Springdale residents complain about noise from plant smokestack

| Tuesday, Jan. 18, 2011

Bob Kristof treasures a good night's sleep. To his chagrin, those have been hard to come by recently.

What's keeping him up, he said, is noise from the GenOn Energy power plant in Springdale. A little more than a week ago, the coal-fired plant returned to using its old smokestack because corrosion problems in the newer smokestack rendered its new pollution-control system inoperable.

Despite knowing the old, 700-foot-tall stack will be in use only temporarily, Kristof said he's hopeful something can be done to reduce the noise. He couldn't suggest what that might be and admitted he doubted anything will be done.

"I don't think they're going to shut the plant down just for me," Kristof said while standing on his front porch in Cheswick, about three blocks from the plant. "Is there a realistic answer• Probably not. I just want my peace of mind back."

The noise from Kristof's house along South Atlantic Avenue sounds like a distant jet engine, one that's running constantly. Some residents in Springdale and Springdale Township said the noise is worse for those who live on the hill in those communities.

Martin Garrigan of Springdale Township said he hopes to convince a third party without ties to the industry to "verify that this plant needs to be operating."

GenOn told Allegheny County officials it needs to operate the plant to maintain electrical grid stability and create heat to prevent critical plant equipment from freezing.

The county health department has given the company until March 31 to repair its new pollution-control system — a flue gas desulfurization scrubber — and put it back online. It can use the old stack until then.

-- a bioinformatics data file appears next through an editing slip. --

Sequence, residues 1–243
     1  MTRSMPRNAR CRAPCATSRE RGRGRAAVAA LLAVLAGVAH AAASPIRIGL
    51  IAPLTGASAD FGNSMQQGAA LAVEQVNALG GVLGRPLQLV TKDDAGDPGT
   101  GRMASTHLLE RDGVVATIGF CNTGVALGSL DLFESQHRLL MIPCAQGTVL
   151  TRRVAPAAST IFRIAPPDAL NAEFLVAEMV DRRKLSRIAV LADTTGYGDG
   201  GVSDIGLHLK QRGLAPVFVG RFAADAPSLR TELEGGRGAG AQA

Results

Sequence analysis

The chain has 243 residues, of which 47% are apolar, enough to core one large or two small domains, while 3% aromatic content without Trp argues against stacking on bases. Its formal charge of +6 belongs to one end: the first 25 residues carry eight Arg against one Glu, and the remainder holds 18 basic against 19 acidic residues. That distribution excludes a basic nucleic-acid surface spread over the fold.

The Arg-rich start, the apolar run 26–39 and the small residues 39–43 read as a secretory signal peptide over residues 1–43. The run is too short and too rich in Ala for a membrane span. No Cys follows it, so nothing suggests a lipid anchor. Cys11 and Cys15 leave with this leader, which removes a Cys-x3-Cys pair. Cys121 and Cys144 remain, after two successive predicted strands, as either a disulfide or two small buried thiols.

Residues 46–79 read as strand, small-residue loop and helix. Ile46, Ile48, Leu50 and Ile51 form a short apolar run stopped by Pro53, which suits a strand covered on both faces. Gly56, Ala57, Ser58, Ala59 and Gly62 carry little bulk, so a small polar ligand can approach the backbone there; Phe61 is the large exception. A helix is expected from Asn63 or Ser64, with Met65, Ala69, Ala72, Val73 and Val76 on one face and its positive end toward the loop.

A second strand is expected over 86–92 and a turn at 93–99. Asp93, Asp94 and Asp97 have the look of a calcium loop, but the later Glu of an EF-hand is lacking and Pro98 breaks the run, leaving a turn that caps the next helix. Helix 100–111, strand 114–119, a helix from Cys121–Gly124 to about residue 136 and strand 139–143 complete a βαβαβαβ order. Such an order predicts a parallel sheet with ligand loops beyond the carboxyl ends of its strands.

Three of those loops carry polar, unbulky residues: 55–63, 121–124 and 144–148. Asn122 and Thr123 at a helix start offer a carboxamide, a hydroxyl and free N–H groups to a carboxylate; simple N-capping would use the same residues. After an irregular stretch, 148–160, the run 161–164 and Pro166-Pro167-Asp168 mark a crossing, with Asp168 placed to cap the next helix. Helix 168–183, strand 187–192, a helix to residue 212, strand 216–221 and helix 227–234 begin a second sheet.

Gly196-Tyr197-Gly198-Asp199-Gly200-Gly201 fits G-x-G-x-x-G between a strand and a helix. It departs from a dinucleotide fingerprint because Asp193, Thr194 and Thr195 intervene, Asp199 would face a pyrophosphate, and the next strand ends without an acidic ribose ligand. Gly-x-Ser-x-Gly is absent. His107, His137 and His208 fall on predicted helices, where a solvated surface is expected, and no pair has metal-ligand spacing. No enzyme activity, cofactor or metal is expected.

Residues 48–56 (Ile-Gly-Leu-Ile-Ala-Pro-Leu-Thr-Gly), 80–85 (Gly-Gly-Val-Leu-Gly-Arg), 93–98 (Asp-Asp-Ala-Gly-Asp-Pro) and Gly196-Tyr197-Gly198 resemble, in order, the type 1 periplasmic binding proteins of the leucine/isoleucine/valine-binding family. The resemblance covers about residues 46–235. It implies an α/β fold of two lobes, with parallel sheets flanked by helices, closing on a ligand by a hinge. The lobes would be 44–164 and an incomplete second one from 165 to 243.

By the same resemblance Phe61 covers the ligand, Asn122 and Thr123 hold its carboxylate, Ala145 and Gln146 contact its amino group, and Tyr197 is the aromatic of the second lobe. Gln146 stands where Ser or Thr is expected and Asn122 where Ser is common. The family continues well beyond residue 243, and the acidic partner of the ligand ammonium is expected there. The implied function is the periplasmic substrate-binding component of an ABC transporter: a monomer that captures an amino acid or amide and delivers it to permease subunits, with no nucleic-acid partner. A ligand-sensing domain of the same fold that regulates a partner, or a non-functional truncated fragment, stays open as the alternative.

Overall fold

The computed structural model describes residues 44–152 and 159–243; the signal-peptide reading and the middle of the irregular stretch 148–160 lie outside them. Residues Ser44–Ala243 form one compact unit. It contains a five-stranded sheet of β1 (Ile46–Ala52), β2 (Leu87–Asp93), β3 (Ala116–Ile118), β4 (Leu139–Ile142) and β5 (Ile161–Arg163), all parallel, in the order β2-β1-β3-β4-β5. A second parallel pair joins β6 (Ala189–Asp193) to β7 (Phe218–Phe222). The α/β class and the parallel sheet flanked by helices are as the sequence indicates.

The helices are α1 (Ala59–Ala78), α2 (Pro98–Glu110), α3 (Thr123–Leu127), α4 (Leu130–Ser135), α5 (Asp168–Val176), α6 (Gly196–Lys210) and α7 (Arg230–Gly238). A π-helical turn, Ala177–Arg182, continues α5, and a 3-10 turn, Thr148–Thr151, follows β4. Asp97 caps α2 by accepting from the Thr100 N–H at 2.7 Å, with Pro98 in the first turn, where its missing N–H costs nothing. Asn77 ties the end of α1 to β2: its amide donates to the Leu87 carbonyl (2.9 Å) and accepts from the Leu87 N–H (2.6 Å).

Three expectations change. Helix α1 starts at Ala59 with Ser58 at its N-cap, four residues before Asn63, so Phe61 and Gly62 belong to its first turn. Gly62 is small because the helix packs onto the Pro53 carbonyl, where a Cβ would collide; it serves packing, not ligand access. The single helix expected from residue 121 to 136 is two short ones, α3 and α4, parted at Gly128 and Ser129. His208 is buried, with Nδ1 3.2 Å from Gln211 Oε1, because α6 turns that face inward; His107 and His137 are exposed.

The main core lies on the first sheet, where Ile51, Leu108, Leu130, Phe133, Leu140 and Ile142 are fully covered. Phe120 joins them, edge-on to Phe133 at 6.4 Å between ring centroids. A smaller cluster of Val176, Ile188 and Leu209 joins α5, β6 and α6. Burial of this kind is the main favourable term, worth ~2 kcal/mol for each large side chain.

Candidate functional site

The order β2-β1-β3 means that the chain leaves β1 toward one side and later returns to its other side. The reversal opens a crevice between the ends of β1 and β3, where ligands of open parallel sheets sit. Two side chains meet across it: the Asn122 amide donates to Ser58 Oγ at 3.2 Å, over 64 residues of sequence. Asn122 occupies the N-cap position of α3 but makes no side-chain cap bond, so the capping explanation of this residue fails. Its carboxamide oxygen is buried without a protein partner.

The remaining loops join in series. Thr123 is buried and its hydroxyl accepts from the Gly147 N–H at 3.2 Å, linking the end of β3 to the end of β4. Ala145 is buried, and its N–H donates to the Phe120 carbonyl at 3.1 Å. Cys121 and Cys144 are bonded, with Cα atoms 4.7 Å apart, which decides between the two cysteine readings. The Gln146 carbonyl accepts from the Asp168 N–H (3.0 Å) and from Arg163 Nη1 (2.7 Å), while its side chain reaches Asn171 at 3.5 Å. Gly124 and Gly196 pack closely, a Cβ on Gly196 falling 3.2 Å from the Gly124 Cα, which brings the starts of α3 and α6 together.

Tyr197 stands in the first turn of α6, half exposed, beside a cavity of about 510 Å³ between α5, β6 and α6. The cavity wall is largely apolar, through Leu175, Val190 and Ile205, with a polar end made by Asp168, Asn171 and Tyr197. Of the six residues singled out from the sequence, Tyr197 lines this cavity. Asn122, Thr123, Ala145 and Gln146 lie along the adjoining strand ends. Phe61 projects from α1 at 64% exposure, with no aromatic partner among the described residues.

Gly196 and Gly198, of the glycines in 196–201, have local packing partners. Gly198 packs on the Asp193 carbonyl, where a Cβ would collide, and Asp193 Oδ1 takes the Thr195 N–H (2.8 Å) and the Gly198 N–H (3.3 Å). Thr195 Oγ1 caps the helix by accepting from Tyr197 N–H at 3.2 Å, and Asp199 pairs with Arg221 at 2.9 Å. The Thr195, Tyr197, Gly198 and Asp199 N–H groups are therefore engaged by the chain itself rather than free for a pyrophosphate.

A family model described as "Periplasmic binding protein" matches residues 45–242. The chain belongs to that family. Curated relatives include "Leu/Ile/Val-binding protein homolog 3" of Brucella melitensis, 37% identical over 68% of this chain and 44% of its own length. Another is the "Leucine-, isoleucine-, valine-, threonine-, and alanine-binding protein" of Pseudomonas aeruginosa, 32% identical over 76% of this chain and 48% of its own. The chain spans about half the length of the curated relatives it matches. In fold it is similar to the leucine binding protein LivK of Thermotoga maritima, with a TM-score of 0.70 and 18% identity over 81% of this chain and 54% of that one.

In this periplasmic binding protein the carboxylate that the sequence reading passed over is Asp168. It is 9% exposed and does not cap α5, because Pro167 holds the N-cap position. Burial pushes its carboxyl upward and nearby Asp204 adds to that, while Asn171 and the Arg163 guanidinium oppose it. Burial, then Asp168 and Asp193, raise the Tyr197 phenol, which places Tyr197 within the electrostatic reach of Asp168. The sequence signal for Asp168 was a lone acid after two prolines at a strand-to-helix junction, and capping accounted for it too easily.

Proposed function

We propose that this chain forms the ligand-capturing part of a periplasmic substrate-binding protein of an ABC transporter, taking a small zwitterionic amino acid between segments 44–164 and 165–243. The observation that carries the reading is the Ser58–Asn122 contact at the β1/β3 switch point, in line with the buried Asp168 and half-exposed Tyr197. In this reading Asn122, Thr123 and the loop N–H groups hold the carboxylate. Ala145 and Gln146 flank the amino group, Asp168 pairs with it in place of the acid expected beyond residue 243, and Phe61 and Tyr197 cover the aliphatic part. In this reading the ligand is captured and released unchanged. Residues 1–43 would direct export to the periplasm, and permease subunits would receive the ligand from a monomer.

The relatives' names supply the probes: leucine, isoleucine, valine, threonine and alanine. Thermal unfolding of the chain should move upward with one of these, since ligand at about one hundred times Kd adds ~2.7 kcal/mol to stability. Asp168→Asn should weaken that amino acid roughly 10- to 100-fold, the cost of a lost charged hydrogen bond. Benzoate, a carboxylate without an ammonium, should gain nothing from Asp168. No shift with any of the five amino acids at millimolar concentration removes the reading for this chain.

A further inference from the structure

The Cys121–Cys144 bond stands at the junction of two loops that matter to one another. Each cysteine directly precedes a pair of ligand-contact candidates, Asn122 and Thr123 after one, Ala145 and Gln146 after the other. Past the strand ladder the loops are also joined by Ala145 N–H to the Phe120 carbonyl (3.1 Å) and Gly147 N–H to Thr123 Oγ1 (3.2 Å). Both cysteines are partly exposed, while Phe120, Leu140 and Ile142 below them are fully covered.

For several years, residents bothered by the noise battled for relief. The outcry started in 2003 when a pollution-control system at the plant malfunctioned. In 2007, then-owner Reliant Energy installed sound-dampening equipment that reduced the noise to what Kristof said at the time was an acceptable level.

Kristof said last week the noise was even less of a problem when the new scrubber started operating in June.

During a routine shutdown for maintenance in October, the company found corrosion in some of the components of the scrubber. The plant didn't operate between then and a little more than a week ago.

GenOn spokesman Mark Baird said the company has heard from concerned residents and welcomes calls and written comments.

"We are continually analyzing that data," he said.

Beyond collecting input, the company isn't taking any action at this point, Baird said.

"It's a temporary situation," he said about the old stack's use.

In addition to Kristof and Garrigan, there have been other area residents who voiced complaints about the noise to the Valley News Dispatch.

At the same time, there are those who said they aren't bothered by the noise.

Dave Finley and John Molnar, councilmen in Springdale, said the noise isn't an issue for them.

"It's not a problem for me," Finley said. "Truthfully, it didn't bother me before."

He said the borough isn't taking action against GenOn.

Guillermo Cole, county health department spokesman, said the county doesn't have a noise ordinance. The county does monitor emissions, he said. He added the plant isn't violating any emissions restrictions.

Environmental watchdogs have said they'll keep an eye on emissions from the plant while the scrubber is being repaired.

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